To My Inferiority Complex, Shut Up

I have always had this inferiority complex—I pick someone I know and pick out why they’re better than me in some way, shape or form. Dad and Mom always told me to stop comparing what I have to others. But, that girl? She writes better than me. Oh, and her? She has a much better personality than me. She’s funnier. She’s prettier. She’s smarter. She’s has a better body, clothes, this and that, the list goes on. The point is, she’s just… better… than me.

To a certain extent, I never saw this perspective as 100-percent terrible, because it would at least drive me to better myself to do whatever I thought would make me better. Intense? Yeah, a little. But at least I had a focus, though extreme, that implied at least I believed in myself enough to strive to improve.

But then I didn’t.

I stopped writing for awhile, because I started feeling like my words were a waste of space, I went from calling myself a writer to doubting if I was even remotely decent, in all aspects of my life. I started wearing eye shadow everyday, I felt ugly without it. I started finding myself changing my outfit—no exaggeration—at least three times a day (not including getting in and out of pajamas). I would find myself trying to check myself out in car reflections on my way to class, just to make sure I looked presentable. I even started putting off some of my schoolwork because I felt like I wouldn’t succeed anyway so I might as well not even bother.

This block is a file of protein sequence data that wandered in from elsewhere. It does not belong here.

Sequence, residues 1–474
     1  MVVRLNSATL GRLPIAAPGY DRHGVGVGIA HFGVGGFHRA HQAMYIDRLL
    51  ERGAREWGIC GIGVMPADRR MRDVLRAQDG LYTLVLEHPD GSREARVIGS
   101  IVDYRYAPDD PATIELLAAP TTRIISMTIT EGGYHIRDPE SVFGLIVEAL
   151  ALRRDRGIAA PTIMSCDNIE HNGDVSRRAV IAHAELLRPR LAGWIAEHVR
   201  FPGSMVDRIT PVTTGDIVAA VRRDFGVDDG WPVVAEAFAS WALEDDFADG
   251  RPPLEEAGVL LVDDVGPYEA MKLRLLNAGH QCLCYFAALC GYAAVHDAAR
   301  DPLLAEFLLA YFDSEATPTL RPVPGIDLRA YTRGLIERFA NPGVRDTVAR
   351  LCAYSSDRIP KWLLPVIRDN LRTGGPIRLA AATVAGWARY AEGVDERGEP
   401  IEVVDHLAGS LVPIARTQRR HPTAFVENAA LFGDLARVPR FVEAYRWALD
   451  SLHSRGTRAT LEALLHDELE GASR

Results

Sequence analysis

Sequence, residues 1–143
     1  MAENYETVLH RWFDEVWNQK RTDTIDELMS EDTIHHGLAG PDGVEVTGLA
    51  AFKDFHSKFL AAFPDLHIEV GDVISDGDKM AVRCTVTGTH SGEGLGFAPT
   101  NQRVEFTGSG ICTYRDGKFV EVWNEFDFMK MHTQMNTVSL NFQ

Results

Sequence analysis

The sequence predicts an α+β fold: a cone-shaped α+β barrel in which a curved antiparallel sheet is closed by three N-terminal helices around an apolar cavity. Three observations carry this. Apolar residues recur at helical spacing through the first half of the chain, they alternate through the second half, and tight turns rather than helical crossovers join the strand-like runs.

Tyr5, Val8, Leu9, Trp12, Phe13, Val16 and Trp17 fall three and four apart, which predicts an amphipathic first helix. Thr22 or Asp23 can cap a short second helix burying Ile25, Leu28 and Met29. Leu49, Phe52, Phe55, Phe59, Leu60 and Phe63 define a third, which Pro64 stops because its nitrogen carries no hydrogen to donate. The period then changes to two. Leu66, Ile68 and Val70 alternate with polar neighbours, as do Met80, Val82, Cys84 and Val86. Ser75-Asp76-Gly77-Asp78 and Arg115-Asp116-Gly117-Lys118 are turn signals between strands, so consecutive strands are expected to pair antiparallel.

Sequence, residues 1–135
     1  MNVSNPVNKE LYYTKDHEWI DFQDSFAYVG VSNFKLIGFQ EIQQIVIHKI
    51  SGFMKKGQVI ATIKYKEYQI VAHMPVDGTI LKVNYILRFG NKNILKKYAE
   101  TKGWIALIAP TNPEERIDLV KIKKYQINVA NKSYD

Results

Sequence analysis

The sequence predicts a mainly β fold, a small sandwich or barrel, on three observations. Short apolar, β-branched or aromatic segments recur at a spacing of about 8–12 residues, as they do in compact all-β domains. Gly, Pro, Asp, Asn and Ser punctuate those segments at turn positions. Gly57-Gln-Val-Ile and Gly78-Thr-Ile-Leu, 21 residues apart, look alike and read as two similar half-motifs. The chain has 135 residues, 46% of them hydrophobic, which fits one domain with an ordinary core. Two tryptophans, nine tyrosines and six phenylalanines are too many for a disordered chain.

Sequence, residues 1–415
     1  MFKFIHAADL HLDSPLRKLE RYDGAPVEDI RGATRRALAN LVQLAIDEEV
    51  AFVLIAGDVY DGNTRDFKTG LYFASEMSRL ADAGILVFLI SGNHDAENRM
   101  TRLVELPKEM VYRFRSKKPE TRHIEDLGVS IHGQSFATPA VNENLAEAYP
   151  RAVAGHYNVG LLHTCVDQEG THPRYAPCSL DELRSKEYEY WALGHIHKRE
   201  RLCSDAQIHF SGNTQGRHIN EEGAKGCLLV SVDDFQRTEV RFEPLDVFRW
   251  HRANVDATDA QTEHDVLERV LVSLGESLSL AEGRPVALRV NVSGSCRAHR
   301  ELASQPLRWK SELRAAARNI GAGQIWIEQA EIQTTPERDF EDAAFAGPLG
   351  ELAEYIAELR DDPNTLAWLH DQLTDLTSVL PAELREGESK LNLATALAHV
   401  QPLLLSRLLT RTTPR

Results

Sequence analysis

I wanted to be prettier. I wanted to be smarter. I wanted to be better.

And then I gave up.

The truth is, there is always going to be someone out there who is “better.” Someone once told me that they read a study about how the way we perceive ourselves versus the way we are perceived differ to the extent that we wouldn’t even be able to recognize who we are if we met ourselves. Granted, I hate the way I sound whenever I hear my voice outside of my head, but I couldn’t grasp this concept. But then I thought about it, and thought how despite my inferiority complex, which I could’ve sworn people could see right through, I have been called confident, and all the other things I strive so hard to be. One time, someone actually said they wanted to murder me because I was cute (?). But what’s so cute about over-obsessing about every aspect of myself? I just couldn’t take compliments, because even when given those compliments, I was still comparing them to how I perceived people who I see as better than me.

Here I am in constant intimidation, but I think the only thing worse than feeling threatened is the fact that I allowed myself to get to a point where it seems that I’ve stopped believing in myself all together.

But I realize now that in order to believe in myself again, I need to look at myself through the lenses of people who do and have always believed in me. The people who know what my past entails and have stuck beside me, despite my hysteria and despite the thousands of fleeting relationships that come and go. These people have stuck around, and it’s OK to need them. They wouldn’t want me to be at this point where I am now. And for them, I cannot let them down. That type of comparison, comparing the people who believe in me and utilizing that in myself, is the only type of comparison that can ever be justified.

Ella

Ella lives in New York City and eats a Chipotle sofrita bowl once a week. When she was four, she wanted to be Posh Spice when she grew up. (And for the record, she hasn't ruled out that option just yet)
Ella
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